The crash in Feb/Mar was unprecedented in its steepness... if you look at some of the graphs compared to even the Great Recession it is much steeper. It seemed to me that the possibility was that this time will be different after all, but at thleast it was going to be really, really bad.

The March crash, along with the COVID contagion and the prospect of 15-20% unemployment, created a lot of uncertainty in my mind as to the near-term future of the economy... I guess I'm one of those old-fashioned guys who thinks that the economy and stocks are connected in the long-run... and the next 2-3 years are not looking very good... I think it'll take that long for GDP to reciver to 2019 levels... so I decided to bail to avoid more capital depletion.

I'm still bullish on the U.S. economy long term, but less so on stocks. I will probably get back in at some point but will limit my risk by participating in stocks by buying long-dated index call options (LEAPS on the SPY or S&P 500).

But while I was personally getting out of stocks, I was hesitant to suggest it to others knowing that there was some possibility that I may be totally wrong. Time will tell... but at least for now I am a certified DMT!
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Old 05-17-2020, 06:52 AM   #74
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I voted Other because, although I don't consider myself a market timer, I do think this time it's different and the slog back will be longer and more painful than anything since the Great Depression. So I haven't rebalanced. Also I did inherit a chunk of cash on 2-28, which sits as we speak in Ally No Penalty CD's at 1.75%, making my AA way more conservative. I am now waiting for my crystal ball to become clearer on a bottom. I do think this will be likely be a W and not a V recovery.
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Old 05-18-2020, 07:48 AM   #75
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Why do you think those of us that are staying in the market are calling a bottom? Here, the March low.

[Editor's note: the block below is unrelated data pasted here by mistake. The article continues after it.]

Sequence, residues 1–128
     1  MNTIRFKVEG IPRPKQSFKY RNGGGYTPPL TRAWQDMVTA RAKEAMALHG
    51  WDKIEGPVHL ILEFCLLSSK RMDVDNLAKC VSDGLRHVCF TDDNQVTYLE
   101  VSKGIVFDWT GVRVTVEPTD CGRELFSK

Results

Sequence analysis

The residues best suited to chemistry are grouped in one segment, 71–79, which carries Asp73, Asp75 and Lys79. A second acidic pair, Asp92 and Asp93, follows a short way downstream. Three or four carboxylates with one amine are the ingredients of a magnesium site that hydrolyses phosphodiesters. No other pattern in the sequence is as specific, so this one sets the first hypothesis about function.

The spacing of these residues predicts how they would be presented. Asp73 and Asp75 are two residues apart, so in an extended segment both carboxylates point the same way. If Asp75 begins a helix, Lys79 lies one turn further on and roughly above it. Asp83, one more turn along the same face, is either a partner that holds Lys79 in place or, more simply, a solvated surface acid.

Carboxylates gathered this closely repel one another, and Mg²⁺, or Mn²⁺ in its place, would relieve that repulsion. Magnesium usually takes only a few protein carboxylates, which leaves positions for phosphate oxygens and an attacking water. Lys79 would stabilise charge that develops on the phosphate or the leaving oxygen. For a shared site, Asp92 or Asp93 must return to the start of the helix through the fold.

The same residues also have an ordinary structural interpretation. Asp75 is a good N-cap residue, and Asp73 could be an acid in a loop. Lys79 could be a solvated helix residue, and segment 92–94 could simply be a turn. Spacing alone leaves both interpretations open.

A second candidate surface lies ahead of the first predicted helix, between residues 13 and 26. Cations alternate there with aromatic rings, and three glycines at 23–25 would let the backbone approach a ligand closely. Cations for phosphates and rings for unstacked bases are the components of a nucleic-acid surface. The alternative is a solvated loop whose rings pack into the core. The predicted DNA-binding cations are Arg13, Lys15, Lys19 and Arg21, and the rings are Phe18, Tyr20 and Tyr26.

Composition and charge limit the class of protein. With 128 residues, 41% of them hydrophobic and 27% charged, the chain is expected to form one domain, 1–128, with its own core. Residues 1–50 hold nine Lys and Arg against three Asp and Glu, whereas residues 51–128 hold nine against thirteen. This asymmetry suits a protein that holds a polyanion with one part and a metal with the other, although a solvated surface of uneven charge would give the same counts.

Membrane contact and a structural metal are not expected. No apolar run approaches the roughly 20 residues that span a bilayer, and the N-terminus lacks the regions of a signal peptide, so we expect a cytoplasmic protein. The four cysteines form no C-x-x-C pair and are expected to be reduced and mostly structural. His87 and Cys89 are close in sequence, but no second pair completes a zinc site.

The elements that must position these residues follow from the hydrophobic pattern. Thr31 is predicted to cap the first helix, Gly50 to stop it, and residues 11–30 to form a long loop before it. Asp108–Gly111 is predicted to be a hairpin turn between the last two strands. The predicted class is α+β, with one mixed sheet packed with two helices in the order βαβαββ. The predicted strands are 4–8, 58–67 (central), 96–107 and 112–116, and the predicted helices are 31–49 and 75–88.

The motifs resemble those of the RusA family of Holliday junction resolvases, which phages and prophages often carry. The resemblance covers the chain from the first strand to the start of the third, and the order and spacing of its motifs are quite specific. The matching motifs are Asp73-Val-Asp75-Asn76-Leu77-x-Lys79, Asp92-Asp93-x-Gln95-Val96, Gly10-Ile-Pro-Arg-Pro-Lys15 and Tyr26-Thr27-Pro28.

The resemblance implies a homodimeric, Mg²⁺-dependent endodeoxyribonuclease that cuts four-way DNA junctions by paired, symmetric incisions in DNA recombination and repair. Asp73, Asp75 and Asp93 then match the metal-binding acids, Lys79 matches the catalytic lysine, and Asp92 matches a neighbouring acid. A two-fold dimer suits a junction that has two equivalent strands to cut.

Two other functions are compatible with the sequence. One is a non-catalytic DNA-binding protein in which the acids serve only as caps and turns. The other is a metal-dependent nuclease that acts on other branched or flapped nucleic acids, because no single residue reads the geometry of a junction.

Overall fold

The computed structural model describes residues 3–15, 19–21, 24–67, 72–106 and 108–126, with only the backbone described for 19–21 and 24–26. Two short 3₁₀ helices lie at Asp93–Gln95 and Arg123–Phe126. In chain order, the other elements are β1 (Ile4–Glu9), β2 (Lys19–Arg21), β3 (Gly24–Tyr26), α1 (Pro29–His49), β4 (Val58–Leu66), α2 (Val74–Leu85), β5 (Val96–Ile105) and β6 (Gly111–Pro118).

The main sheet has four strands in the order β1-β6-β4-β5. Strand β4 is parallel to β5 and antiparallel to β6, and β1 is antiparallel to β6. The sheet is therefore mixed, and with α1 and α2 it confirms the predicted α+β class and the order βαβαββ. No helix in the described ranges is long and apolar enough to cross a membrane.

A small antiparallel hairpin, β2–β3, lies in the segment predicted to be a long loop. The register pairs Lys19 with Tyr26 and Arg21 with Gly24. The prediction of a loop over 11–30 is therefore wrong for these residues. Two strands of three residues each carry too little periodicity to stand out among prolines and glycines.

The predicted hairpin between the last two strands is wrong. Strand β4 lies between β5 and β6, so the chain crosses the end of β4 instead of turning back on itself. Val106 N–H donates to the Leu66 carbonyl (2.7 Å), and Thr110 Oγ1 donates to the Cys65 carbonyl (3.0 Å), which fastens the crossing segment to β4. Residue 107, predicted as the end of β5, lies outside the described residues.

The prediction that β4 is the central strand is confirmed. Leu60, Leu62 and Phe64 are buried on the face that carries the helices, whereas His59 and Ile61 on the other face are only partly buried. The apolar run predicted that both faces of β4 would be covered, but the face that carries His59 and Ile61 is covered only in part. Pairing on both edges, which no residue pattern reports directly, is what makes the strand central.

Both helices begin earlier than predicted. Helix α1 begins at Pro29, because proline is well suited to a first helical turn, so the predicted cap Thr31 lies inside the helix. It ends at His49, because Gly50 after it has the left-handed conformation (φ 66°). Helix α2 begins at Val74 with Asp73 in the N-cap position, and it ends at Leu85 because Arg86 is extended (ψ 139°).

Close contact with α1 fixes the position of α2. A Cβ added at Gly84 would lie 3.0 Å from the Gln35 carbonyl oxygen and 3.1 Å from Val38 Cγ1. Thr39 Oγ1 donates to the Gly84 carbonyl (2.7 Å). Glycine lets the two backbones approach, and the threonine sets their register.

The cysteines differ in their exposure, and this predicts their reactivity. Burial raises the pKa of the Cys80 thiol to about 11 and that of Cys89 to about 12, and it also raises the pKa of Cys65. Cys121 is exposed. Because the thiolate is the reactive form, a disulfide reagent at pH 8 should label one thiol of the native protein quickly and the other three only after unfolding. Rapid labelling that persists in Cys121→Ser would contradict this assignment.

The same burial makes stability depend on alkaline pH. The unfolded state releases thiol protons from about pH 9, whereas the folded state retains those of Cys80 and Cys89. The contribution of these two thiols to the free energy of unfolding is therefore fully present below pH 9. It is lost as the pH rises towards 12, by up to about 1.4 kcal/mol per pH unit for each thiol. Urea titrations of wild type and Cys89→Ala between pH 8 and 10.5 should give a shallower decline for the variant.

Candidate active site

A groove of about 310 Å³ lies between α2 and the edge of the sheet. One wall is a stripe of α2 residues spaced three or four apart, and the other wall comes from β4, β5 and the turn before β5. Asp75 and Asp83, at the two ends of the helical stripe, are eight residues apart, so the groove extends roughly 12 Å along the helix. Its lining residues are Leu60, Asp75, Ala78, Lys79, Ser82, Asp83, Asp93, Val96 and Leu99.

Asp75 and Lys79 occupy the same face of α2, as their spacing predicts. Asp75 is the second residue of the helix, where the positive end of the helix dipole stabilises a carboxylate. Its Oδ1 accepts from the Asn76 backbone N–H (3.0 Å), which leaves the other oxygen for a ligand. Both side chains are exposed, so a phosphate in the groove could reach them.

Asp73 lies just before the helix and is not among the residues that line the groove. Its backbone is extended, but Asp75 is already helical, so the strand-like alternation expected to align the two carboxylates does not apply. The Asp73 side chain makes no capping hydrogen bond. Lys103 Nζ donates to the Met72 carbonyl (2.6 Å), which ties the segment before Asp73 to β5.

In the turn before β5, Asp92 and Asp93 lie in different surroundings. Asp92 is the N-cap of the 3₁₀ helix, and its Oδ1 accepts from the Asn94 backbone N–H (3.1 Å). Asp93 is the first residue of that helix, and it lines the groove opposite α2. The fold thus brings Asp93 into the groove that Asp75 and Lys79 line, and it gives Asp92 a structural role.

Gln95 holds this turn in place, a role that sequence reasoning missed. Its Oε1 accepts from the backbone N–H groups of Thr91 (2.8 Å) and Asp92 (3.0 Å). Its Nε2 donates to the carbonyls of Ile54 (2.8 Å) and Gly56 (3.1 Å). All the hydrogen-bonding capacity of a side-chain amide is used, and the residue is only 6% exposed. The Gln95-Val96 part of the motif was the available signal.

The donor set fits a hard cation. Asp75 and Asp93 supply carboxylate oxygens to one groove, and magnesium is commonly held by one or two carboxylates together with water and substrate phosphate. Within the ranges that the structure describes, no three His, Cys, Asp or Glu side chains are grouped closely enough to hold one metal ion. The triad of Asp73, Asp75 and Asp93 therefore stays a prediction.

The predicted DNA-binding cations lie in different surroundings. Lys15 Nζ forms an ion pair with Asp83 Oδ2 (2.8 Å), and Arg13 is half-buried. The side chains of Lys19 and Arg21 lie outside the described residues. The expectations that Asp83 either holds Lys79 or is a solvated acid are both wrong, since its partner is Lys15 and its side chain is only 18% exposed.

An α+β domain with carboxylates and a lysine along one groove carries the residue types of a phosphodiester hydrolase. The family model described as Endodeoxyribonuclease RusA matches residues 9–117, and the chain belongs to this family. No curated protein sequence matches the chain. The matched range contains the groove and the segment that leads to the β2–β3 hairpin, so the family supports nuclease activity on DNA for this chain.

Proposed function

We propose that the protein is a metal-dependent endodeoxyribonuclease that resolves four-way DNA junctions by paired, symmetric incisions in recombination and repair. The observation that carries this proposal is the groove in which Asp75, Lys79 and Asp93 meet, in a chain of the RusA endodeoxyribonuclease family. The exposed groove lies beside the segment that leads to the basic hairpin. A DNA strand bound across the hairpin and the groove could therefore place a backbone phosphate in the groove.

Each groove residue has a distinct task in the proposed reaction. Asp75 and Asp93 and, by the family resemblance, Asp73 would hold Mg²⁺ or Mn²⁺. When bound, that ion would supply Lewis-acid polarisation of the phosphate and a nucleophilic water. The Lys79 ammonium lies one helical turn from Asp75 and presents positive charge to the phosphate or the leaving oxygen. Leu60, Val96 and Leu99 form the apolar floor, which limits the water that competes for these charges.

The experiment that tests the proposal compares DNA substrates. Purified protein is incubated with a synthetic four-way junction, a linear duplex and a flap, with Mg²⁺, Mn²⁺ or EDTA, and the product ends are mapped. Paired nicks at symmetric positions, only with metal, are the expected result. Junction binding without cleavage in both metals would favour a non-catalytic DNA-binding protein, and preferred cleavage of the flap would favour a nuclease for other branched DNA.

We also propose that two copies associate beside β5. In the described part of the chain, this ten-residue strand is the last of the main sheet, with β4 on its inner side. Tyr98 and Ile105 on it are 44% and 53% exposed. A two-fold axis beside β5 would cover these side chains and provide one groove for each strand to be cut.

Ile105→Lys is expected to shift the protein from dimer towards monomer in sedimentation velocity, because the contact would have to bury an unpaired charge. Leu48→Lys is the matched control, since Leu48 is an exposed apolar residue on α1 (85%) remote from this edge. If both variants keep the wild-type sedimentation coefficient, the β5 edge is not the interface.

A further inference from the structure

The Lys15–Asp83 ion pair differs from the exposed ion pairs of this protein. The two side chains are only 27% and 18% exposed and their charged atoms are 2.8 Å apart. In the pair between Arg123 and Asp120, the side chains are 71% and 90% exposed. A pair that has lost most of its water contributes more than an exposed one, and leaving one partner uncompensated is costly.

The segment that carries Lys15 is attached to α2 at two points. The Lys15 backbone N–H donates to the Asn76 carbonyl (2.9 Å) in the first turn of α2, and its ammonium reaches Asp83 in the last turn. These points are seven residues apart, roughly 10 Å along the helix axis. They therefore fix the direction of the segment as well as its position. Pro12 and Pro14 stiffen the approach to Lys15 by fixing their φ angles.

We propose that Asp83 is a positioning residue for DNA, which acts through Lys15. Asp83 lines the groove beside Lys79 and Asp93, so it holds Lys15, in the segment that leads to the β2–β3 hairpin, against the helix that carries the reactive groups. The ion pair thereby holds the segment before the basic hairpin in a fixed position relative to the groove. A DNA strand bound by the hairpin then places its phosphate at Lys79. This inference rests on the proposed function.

Markets go up and down.

I actually don't care if the "March low" was the bottom. It could be. May not be. Who knows? And I don't care.

What I trust is how markets work.

I'm still "in" not because I have a view on the bottom. I'm in because I trust markets. And I'm quite certain 2025 and 2030, if I live that long, will be great times in which to live. I don't think the current pandemic -- which is horrific in its own right but by historic standards is nothing new, and was actually expected -- is going to end human progress.
Well said Sir !!!!
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Old 05-18-2020, 01:50 PM   #76
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Well said Sir !!!!
+1

Here's a related post today from the Mad Fientist: https://www.madfientist.com/my-portf...r_id=840561184
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Old 05-18-2020, 04:02 PM   #77
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I'm also a guy who thinks most moments in life can be captured via a Clint Eastwood movie.

So here is my snippet for today (apologies to JL Collins, because I can't do the video editing like he can):

Original: "So you see in this world, there's two kind of people, my friend. Those with loaded guns, and those who dig."

My paraphrase (with apologies to Clint Eastwood and United Artists): "So you see in this world, there's two kind of people, my friend. Those [who stay invested], and those who dig."
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Old 05-18-2020, 07:03 PM   #78
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When I reallocated my IRA to 'conventional wisdom' of 70/30 my IRA was 20% higher than my brokerage account. It's now only 6k higher. So yeah .... reallocated IRA to match brokerage. Regrets. Lesson learned. Just need to figure out where to stick my IRA cold cash

OTOH I'm considering taking SSA next year so I'm good
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Old 05-19-2020, 08:46 PM   #79
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I am pretty much staying the course. Overall stock allocation target was 55%. In January, I was up to about 57% in stocks, not withstanding three earlier adjustments of selling stocks and buying bonds in my 401k. I put one-third of that money back into stocks near the bottom of the market and am loosely considering a 50/50 allocation going forward. Planning on retiring this year or more likely next without a pension so ding a bit more conservative is probably advisable given sequence of returns risk.
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Old 05-20-2020, 09:01 AM   #80
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I voted other. I did some balancing in March near the market low, and turned around and sold some the last two Mondays on upswings. I have been near 50/50, and my total percent buy/sell have been a few percent of my entire portfolio. Although, I'm near 45/55 currently, I might violate my rebalancing bands this afternoon and sell a few more percentage at the close today if the market holds up at closing.

I seem to have 2 conflicting rules in my portfolio managing strategy right now.

Rule 1) Stay the course and follow the spreadsheet and rebalancing bands.
Rule 2) Don't invest in things you don't understand.

Right now I don't understand how the Market can be at its current level with the current state of the economy. I know that the Market looks into the future, but I don't remember it ever looking that far into the future ()>